A new report from the Washington Post details how Russian intelligence services used the state of Maryland as a kind of testing ground for social media disinformation campaigns aimed at discouraging black voters from going to the polls.
The report, which is based on both "government-commissioned reports and interviews with experts," showed how a St. Petersburg-based troll farm started creating Maryland-centric social media accounts and ads aimed at spreading false information to black voters.
Among other things, the Post cites a report from Oxford University's Computational Propaganda Research project that shows that the Russian Internet Research Agency bought more ads targeting Maryland than in any other state, and that the majority of those ads were focused on black voters in Baltimore.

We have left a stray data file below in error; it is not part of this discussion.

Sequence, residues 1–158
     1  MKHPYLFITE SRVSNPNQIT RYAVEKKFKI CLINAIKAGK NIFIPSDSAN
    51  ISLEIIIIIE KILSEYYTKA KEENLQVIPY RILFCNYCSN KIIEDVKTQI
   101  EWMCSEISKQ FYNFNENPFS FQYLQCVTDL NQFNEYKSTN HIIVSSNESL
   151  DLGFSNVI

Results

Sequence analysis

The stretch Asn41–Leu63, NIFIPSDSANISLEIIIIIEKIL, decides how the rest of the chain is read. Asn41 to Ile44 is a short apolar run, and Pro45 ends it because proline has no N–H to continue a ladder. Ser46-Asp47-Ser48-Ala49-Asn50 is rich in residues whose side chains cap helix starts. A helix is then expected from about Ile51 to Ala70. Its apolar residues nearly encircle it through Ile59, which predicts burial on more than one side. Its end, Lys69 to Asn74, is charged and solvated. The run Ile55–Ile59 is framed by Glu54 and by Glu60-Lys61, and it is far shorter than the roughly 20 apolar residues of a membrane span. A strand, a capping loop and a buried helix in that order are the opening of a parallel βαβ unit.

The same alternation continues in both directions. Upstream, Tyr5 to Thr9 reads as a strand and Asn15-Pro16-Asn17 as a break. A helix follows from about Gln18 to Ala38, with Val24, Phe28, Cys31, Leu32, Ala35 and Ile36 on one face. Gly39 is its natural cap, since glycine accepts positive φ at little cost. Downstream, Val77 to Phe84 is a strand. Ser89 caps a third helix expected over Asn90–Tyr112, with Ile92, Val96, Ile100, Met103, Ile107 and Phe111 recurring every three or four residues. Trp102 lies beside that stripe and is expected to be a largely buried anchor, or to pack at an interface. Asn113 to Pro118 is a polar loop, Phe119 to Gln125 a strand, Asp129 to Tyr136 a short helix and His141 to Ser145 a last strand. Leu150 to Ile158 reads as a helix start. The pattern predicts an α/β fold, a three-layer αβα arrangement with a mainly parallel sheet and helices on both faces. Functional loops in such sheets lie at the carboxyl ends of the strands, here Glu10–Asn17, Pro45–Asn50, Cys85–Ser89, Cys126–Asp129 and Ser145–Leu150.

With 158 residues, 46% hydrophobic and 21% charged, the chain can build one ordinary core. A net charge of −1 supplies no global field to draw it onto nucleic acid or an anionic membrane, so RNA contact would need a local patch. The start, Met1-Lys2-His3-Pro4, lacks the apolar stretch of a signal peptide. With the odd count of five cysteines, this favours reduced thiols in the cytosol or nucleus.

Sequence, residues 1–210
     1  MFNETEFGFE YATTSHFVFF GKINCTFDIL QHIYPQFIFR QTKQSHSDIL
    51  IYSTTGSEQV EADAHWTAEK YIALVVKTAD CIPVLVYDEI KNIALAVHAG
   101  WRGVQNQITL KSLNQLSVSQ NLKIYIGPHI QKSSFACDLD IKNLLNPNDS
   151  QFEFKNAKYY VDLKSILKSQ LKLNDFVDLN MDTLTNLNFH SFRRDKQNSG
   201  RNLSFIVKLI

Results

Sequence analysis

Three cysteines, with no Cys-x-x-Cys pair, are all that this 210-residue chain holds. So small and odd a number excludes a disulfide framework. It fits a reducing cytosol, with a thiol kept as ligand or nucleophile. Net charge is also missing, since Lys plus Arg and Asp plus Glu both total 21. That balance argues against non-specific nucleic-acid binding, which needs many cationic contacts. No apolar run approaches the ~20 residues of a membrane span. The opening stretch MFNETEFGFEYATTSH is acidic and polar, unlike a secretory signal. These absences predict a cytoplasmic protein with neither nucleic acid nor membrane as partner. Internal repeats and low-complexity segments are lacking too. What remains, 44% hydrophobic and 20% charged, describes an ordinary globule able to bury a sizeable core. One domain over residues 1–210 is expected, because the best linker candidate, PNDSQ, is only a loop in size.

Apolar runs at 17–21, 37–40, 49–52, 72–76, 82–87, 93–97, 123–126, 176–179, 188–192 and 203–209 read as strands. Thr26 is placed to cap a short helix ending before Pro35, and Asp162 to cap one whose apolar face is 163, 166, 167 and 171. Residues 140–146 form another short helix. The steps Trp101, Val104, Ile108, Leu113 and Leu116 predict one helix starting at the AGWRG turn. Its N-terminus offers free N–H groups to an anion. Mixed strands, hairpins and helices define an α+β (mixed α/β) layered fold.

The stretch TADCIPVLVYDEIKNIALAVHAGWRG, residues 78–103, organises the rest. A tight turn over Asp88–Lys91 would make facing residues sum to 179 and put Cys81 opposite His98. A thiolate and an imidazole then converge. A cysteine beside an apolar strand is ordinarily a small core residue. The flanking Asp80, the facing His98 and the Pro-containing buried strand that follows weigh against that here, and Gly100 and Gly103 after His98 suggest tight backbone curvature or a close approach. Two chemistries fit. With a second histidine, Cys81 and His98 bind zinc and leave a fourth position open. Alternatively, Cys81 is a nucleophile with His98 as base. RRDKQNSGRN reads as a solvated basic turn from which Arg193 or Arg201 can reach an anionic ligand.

"These campaigns pushed a message that the best way to advance the cause of the African American community was to boycott the election and focus on other issues instead,” the Computational Propaganda Research Project report stated.
Donald Freese, a former FBI deputy assistant director of IT operations and cyber defense who now works as an adviser at PriceWaterhouseCoopers’ cybersecurity team, tells the Post that there is no reason to expect Russia won't again try to exploit racial tensions in the United States in the coming election.
"Why shouldn’t they?" he said. "It worked well."